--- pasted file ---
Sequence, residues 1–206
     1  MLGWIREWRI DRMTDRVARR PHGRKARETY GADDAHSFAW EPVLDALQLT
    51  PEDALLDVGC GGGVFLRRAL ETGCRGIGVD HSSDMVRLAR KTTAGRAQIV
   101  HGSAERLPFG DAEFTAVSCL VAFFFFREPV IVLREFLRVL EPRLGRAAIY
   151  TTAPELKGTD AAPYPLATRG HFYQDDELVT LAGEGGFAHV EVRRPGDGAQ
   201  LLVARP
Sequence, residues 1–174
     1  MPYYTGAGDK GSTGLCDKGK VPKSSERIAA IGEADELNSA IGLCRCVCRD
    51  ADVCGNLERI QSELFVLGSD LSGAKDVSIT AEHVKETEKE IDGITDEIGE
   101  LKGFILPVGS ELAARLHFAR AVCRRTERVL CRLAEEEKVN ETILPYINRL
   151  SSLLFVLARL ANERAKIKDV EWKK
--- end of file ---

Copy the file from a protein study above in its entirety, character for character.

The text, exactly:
Sequence, residues 1–206
     1  MLGWIREWRI DRMTDRVARR PHGRKARETY GADDAHSFAW EPVLDALQLT
    51  PEDALLDVGC GGGVFLRRAL ETGCRGIGVD HSSDMVRLAR KTTAGRAQIV
   101  HGSAERLPFG DAEFTAVSCL VAFFFFREPV IVLREFLRVL EPRLGRAAIY
   151  TTAPELKGTD AAPYPLATRG HFYQDDELVT LAGEGGFAHV EVRRPGDGAQ
   201  LLVARP
Sequence, residues 1–174
     1  MPYYTGAGDK GSTGLCDKGK VPKSSERIAA IGEADELNSA IGLCRCVCRD
    51  ADVCGNLERI QSELFVLGSD LSGAKDVSIT AEHVKETEKE IDGITDEIGE
   101  LKGFILPVGS ELAARLHFAR AVCRRTERVL CRLAEEEKVN ETILPYINRL
   151  SSLLFVLARL ANERAKIKDV EWKK